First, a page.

He stood bracing himself against the stove, his eyes closed, swaying slightly as if it took all his strength to keep from collapsing. She stared in shock at him, then quickly stopped the player.

"Too slow," she said, pretending not to have seen his reaction to the song. She quickly moved the CD forward. "Sledgehammer". This will be much better."

Vetter recovered his composure almost at once. Had she not caught a stray glimpse of his reaction to the ballad she would never have guessed the song tore something out of him and smashed it to dust.

Dinner kept them occupied for an hour. As they finished up the meal and a single glass of wine apiece Kate’s cell rang again. She pulled it off the table and checked the number: Porter.

"What’s up, Cap?" she asked as she took the call.

"Change in plans for tonight for you and Vetter," Porter informed her, sounding more than vaguely unhappy about the news.

"How so?"

"It seems the Mayor wants to turn you into a couple of superheroes at his speech in for the Chamber of Commerce gala this evening. Seven O’clock at the Palmer House," Porter said.

"Shit, do we have to?"

"Believe me, I wouldn’t be sending you if the order didn’t come from City Hall."

"Who’s going to cover our shift?"

"That’s maybe the only good thing coming out of this: I told the Mayor you couldn’t make it unless I got our boys back from narcotics to cover so Fraser and Quick are working for you tonight. Remember, seven o’clock, black tie," Porter said.

"What’s wrong?" Vetter asked as she hung up the phone.

"We’re being honored tonight," she answered glumly.


"The Mayor’s running a dog and pony show over at the Palmer House this evening. I’m the dog and you’re the pony."

"I hate shit like that."

"It gets better. We have to be there in an hour-and-a-half in our monkey suits."

"Fuck." Vetter banged his fist on the table.

"I need to get home and rush into my one evening dress. The Palmer House is at 17 East Monroe in the Loop. Think you can find it?" she asked.

"Is that enough of an excuse not to show up?"

"Sorry. Look, how fast can you get dressed?"

"If I leave my makeup off, five minutes," he said.

"Let’s just go together. Go put on your suit. Then we’ll drive over to my place and I’ll try to salvage something of a civilized appearance," she said. "Life’s a never-ending party for those of us in the CSTU!"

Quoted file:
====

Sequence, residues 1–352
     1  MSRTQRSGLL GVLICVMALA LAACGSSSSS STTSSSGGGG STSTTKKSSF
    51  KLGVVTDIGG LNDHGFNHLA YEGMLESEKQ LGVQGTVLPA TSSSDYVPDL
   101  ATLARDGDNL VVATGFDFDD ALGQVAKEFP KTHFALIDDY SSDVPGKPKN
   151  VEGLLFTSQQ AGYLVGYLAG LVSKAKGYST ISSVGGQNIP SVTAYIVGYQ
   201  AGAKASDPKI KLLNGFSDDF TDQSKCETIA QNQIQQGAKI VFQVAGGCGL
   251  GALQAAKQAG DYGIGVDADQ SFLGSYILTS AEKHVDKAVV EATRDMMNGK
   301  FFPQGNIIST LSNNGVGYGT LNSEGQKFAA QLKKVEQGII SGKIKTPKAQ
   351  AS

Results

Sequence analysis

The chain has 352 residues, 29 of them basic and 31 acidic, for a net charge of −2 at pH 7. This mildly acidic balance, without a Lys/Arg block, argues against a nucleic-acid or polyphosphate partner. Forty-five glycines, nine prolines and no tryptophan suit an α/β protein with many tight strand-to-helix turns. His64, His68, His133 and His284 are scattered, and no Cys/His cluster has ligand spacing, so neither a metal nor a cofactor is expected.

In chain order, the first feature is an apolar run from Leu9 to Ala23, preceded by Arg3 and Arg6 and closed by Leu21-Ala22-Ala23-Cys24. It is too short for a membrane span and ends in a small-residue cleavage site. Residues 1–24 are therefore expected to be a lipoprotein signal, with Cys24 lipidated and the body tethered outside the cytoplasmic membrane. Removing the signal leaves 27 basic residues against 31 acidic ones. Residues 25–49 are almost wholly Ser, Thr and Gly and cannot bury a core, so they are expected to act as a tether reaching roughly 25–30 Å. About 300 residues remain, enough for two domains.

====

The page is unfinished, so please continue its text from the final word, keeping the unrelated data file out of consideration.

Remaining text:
Vetter growled and went to change.

Vetter had trouble adjusting to the one suit he owned. He hadn’t worn it since the first year anniversary of Stacey’s death when Demetrius arranged a small remembrance ceremony for him, since Vetter was still unconscious when she was buried. Demetrius told him he needed a final chance to tell Stacey goodbye. Vetter felt the cemetery tugging at him as he rode toward the Palmer House in Kate’s Hyundai.

He thought she looked very beautiful. She wore a dark blue dress, cocktail length, the neck coming down in a V shape that revealed more cleavage than he expected a woman like her to show. A pair of diamond earrings and a matching necklace glittered on her like little suns. She wore her hair swept up and fastened by a blue enamel pin. Somehow in fifteen minutes she transformed herself from a cop into a woman and the results impressed him.

"It’s only one night," she said as the car turned onto Monroe.

"We’re not going to have to talk to anyone, are we?" he asked.

"Take the stage from a Daley? Hardly. After we get commended and have our pictures taken we can probably fade into the woodwork with a mayoral blessing."

"I’ve never been good at this society shit. Usually if I’m going to a party it’s being run by a drug dealer and I have a nicely sized gun in my hand," he said.

"I’ve been to a couple of these things. Free eats and a free bar, and we don’t have to work tonight. Things could be worse," she said. "Do you dance?"

"Only when I’m wasted."

"C’mon, Vetter, I can tell that you do not have straight white guy’s disease. I’ll bet you’re a good dancer."

"Sorry, but you’re wrong. And I am a straight white guy, by the way."

"Brie and I used to go dancing a lot. I think that’s what I miss most about my ex-social life. For all his sins Gabriel Quinn is a hell of a good dancer," she said.

"How’d you meet him anyway?"

"In college. He was everything I was looking for in my life at that time: handsome, intelligent, funny, Irish. Throw in a pair of killer blue eyes and I was hooked the moment we met. As it turns out, falling in love was the easy part between us," she reflected.

"But you think he isn’t happy with this bimbo he married, right?"